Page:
African Refiners and Distributors Association (ARDA) has estimated that Nigeria and other nations in Africa would require investment in excess of $7.5 billion to upscale Liquified Petroleum Gas, LPG, uptake by households in the continent.
The Association said the continent remains the lowest in per capita Liquefied Petroleum Gas (LPG) consumption despite huge resources.
The ARDA disclosed this at an LPG Virtual Workshop, as the group stressed that displacing Charcoal with clean cooking would cost Africa about $7.5 billion for downstream infrastructure and stoves.
Executive Secretary of ARDA, Anibor Kragha said while Sub-Saharan Africa has 14.4 per cent of world’s population but has less than one per cent of global LPG consumption
“Many countries have little or no bulk handing facilities,” Kragha said.
He however noted that LPG consumption in Africa has more than doubled since 2010, noting that the consumption recorded 9.7 per cent annual growth rate over past decade.
While stressing that Nigeria remains largest LPG consumer, Anibor said LPG is fastest-growing petroleum product in Sub- Saharan Africa.
Vice President, LPG, Europe, Middle East and Africa at Argus, David Appleton said LPG remains critical to energy security in Africa.
He noted that safety, pricing, culture, finance are critical to the growth of the sector in Africa, stressing further that infrastructure development remained a key issue.
Appleton stated that investors in the sector needed return, adding that there must a way to de-risked investment as much as possible• while noting that the continent must think about long term investment, stating that there was a need for regulatory progress and consistency.
Senior Associate, Investments, African Finance Corporation, Moussa Dabo, who disclosed at the event that the firm has invested $10.5bn across 36 countries in Africa said there was need to improve governance and institution for Africa to attract investment.
Dabo noted that lenders are more comfortable lending to organisations that are willing to establish the best-in-class business practices
The Associate added that stability and practicability of cash flow could significantly help reduce cost of financing while driving more investment into LPG.
Speaking on security of supply, Dabo said: “Securing favorable, diversified and long term supply contracts with established global traders,” is necessary.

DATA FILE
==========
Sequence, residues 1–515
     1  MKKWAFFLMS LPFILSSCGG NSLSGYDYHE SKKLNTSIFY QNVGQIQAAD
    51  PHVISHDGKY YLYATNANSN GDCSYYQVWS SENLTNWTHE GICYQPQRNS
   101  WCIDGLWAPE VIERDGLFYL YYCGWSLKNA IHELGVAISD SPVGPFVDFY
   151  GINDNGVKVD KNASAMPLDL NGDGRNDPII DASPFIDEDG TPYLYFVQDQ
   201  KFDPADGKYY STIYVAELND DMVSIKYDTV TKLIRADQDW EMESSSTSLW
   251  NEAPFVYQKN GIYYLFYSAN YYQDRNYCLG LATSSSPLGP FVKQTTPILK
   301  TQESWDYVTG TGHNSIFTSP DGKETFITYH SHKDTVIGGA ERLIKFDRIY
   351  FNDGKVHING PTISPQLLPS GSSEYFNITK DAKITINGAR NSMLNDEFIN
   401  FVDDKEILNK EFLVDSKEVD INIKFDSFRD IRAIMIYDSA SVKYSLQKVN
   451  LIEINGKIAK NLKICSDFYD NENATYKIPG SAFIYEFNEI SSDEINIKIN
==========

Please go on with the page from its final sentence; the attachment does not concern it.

Dabo also urged players in the sector to recalibrate their capital structure before seeking financing, noting that equity injection in the business could help lower financing cost.
Wagl Energy Limited, via a slide, stakeholders at the company noted that the potential for LPG consumption in Africa could improve if the continent is committed to solving challenges in the areas of gas production that prioritize local market, shipping and storage as well as distribution to other end users.
The company insisted that an inadequate number of LPG vessels owned and managed by Sub- Saharan African companies is one of the infrastructure issuesfacing LPG growth in the region.
Decrying limited LPG storage facilities in the region, the organisation said several ports and jetties in Sub-Saharan Africa, particularly in places like Nigeria, also have draft restrictions, with their drafts tending to range between 8 – 8.5m.
“For mega-sized vessels, the draft of their destination ports must not be less than 13 million. This limits how much product the ports can import into their terminals,” it noted.
The company said of the three challenges, the greatest opportunity lies in solving the storage bottle neck as the Sub-Saharan region suffers from a severe lack of LPG storage facilities.
The Nigerian Midstream Downstream Petroleum Regulatory Authority (NMDPRA) disclosed that the country is targeting over 20, 000 vehicle gas plants that would aid government to transition from premium motor spirit to gas for transportation.
The NMDPRA noted at the event that country is eyeing local consumption of five million metric tonnes of LPG as well as more than 30 million gas cylinders.
The regulator noted further that Nigeria has the potential for more than 1000 Virtual Pipelines Solutions & City Gate Gas Reception Terminals and over 20 Domestic Cylinder Manufacturing and accessory companies.
In a document titled “LPG as a Vehicle for Energy Security in Africa: Expediting Regulation, Infrastructure, and Financing,” the agency noted that growing population, urbanisation and regulatory support could push yearly growth of LPG to 18 per cent in Nigeria.